Five Festive Fish
The Christmas tree doesn’t have to be the only thing that’s green in your household this Christmas. As well as ditching the plastic straw with your Christmas cocktail, or using recycled paper to wrap presents, choosing sustainably sourced seafood can make for a truly ocean conscious Christmas. Here are five festive fish that are green-rated on the Good Fish Guide to add to your menu this Christmas.
Any farmed shellfish is a genuinely sustainable choice. Oysters, mussels and clams all fit the bill. Unlike farmed fish, they don’t need any feed and they actively clean the water they’re grown in. A single mussel filters 10 litres of water a day. We should all eat more shellfish, they’re one of very few guilt-free animal proteins. Raw oysters certainly aren’t to everyone’s liking, so why not give oysters Rockefeller a go for an indulgent festive treat.
Langoustines are another great choice. We export most of these live to Europe, where they grace fine dining establishments across the continent. Here in the UK, we know them better as scampi. There’s a crucial difference though, scampi are almost always caught using trawlers and many of these fisheries score poorly on the Good Fish Guide. Creel caught langoustines are a great choice. There’s much less impact on the seabed and the prawns will be in much better condition. Do check with your fishmonger before buying.
Much like langoustines, not all scallops are created equal. Most scallops are dredged, and while there are some well managed fisheries, we would recommend hand dived, or farmed scallops. Yes, they are more expensive than their dredged counterparts, but at least the seabed isn’t paying the price.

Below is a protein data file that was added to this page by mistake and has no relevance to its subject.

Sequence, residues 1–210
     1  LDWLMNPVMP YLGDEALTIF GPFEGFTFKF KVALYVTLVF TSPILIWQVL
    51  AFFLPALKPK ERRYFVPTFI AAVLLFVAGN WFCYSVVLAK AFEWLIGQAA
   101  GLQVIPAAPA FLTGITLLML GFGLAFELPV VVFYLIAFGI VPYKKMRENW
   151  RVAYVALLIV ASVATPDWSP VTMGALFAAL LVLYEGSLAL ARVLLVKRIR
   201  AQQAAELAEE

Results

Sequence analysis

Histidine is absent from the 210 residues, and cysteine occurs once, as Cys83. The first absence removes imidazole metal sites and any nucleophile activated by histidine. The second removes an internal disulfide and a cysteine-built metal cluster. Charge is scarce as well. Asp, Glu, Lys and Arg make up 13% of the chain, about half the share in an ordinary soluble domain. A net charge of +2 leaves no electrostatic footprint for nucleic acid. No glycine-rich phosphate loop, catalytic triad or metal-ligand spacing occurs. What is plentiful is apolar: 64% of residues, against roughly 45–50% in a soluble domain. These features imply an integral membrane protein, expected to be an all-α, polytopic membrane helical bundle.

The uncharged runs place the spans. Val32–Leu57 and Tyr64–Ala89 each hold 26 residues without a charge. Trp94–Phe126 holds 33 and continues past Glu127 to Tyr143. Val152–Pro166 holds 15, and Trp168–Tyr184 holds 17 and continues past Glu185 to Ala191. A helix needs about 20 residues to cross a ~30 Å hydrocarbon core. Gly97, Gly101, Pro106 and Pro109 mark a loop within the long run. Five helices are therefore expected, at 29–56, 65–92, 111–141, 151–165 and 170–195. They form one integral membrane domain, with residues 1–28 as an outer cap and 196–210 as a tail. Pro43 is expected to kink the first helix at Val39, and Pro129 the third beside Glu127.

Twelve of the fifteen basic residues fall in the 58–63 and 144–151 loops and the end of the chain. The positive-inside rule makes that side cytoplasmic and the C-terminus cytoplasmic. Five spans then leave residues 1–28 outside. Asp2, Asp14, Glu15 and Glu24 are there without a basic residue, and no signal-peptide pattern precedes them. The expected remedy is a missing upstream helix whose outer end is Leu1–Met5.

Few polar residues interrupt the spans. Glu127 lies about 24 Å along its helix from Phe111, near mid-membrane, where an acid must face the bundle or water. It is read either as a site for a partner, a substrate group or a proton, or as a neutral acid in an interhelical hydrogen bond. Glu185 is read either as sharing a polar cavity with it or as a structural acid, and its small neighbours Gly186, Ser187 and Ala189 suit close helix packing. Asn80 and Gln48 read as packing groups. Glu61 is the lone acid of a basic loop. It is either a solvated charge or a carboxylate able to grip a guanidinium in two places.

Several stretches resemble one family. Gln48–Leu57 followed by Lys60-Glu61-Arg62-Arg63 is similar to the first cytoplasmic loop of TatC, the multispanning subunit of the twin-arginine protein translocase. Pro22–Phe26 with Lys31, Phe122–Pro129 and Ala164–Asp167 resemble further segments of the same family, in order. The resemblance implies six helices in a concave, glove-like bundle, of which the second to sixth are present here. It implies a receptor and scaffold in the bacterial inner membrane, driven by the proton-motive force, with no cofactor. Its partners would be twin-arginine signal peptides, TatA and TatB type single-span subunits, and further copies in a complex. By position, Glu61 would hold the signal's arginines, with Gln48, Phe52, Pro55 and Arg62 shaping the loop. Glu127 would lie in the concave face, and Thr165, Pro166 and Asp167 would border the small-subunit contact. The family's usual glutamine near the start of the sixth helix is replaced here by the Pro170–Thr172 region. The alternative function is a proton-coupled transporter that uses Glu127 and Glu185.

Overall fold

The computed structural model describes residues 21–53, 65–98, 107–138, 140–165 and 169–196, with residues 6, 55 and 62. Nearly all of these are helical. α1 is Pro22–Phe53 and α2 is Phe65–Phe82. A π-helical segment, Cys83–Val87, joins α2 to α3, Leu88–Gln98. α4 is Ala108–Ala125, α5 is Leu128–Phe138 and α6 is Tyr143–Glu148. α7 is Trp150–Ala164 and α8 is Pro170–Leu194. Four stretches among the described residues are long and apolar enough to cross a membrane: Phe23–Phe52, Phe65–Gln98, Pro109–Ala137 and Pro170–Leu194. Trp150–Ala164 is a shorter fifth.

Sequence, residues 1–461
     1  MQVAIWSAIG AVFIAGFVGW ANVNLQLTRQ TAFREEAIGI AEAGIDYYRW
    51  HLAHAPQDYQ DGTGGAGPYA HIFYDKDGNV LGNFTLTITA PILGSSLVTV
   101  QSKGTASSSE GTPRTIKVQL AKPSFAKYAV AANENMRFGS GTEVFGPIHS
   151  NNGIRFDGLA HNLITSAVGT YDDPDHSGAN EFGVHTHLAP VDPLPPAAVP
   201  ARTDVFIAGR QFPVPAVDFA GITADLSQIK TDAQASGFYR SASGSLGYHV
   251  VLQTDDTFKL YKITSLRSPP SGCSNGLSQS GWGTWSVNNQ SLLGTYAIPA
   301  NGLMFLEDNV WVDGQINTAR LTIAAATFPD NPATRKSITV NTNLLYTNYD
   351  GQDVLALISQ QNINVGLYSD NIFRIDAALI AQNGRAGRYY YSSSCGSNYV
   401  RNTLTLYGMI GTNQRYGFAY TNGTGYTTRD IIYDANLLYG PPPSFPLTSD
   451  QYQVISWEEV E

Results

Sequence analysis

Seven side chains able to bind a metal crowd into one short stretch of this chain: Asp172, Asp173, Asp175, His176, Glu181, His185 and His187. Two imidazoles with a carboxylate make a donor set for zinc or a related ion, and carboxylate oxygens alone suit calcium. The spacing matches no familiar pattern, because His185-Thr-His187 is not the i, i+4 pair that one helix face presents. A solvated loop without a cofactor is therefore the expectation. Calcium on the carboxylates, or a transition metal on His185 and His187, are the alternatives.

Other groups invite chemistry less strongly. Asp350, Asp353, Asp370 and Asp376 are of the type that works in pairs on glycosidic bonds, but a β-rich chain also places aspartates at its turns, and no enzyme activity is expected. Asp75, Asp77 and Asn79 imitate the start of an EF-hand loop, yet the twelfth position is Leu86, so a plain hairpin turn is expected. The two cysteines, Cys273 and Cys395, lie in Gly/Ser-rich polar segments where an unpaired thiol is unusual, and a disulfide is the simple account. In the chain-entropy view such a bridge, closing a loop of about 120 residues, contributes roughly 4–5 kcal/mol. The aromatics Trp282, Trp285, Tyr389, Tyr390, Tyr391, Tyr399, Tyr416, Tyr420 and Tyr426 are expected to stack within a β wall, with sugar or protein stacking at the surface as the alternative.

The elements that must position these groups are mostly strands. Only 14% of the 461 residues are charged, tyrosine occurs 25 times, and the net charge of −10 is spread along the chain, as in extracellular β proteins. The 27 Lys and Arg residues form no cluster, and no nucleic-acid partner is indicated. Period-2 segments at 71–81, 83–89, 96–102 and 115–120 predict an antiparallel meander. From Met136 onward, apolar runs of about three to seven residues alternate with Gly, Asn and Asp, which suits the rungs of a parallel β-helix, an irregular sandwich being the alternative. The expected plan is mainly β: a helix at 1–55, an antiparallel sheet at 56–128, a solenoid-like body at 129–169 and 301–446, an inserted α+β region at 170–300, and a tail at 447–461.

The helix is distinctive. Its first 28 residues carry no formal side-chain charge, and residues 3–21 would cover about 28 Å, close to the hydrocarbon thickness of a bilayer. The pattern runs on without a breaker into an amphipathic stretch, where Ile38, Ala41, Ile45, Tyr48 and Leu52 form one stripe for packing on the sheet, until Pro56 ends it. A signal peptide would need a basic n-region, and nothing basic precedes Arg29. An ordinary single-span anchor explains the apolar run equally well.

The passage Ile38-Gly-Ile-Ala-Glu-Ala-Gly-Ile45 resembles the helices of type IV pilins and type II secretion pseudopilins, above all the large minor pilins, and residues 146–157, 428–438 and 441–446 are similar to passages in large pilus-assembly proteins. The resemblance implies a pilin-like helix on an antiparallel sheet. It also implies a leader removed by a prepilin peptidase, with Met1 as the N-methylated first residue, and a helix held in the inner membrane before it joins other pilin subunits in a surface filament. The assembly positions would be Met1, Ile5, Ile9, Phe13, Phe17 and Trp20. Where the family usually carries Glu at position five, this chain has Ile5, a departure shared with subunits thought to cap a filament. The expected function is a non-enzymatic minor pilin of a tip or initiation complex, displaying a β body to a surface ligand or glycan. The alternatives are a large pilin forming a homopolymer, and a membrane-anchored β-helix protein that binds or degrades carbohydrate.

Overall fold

We’ve seen great improvements to Dover sole stocks in recent years and many sources are green-rated on the Good Fish Guide. This is another species that is normally shipped to our fish-loving European cousins and for good reason. Dover sole is one of the most delicious fish found in British waters. If you’re new to cooking fish whole, this is a great one to start with. Its firm flesh makes it pretty forgiving when it comes to overcooking (within reason). It’s also very easy to lift the fillets from the bones once cooked. Ask your fishmonger to skin and trim it for you and avoid fish caught by beam trawlers.
If you’re looking for the most sustainable smoked salmon this Christmas, we’d suggest organic farmed salmon. Organic standards means farms have to adhere to strict rules on stocking densities, as well as chemicals and medicines. Their feed is comprised of off-cuts rather than wild fish. If you can find it, wild MSC certified salmon is also a good choice. While regular farmed salmon certainly isn’t a bad choice, these two options are the best choices as far as sustainability is concerned.
Be sure to check out our Good Fish Guide for more sustainable seafood choices.Tweet